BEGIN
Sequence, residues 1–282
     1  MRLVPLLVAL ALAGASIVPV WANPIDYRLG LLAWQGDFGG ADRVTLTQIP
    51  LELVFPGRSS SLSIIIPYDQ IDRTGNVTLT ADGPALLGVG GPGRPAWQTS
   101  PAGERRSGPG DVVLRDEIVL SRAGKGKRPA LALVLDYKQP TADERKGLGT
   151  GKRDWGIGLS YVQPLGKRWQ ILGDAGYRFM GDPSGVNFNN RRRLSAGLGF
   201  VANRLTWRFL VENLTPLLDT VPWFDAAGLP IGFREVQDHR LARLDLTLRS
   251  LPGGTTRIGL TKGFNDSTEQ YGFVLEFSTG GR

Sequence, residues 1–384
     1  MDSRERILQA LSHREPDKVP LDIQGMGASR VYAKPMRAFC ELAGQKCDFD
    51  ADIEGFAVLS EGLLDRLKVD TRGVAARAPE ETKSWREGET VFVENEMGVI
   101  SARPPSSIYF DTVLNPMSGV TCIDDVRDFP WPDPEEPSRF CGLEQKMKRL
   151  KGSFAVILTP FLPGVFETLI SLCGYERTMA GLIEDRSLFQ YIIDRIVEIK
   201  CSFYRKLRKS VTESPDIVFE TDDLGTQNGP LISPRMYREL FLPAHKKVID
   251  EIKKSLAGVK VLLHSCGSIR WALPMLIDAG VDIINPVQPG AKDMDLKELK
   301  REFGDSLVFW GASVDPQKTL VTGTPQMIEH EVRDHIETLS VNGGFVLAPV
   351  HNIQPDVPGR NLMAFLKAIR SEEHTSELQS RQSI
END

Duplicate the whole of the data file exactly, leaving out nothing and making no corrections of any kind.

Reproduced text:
Sequence, residues 1–282
     1  MRLVPLLVAL ALAGASIVPV WANPIDYRLG LLAWQGDFGG ADRVTLTQIP
    51  LELVFPGRSS SLSIIIPYDQ IDRTGNVTLT ADGPALLGVG GPGRPAWQTS
   101  PAGERRSGPG DVVLRDEIVL SRAGKGKRPA LALVLDYKQP TADERKGLGT
   151  GKRDWGIGLS YVQPLGKRWQ ILGDAGYRFM GDPSGVNFNN RRRLSAGLGF
   201  VANRLTWRFL VENLTPLLDT VPWFDAAGLP IGFREVQDHR LARLDLTLRS
   251  LPGGTTRIGL TKGFNDSTEQ YGFVLEFSTG GR

Sequence, residues 1–384
     1  MDSRERILQA LSHREPDKVP LDIQGMGASR VYAKPMRAFC ELAGQKCDFD
    51  ADIEGFAVLS EGLLDRLKVD TRGVAARAPE ETKSWREGET VFVENEMGVI
   101  SARPPSSIYF DTVLNPMSGV TCIDDVRDFP WPDPEEPSRF CGLEQKMKRL
   151  KGSFAVILTP FLPGVFETLI SLCGYERTMA GLIEDRSLFQ YIIDRIVEIK
   201  CSFYRKLRKS VTESPDIVFE TDDLGTQNGP LISPRMYREL FLPAHKKVID
   251  EIKKSLAGVK VLLHSCGSIR WALPMLIDAG VDIINPVQPG AKDMDLKELK
   301  REFGDSLVFW GASVDPQKTL VTGTPQMIEH EVRDHIETLS VNGGFVLAPV
   351  HNIQPDVPGR NLMAFLKAIR SEEHTSELQS RQSI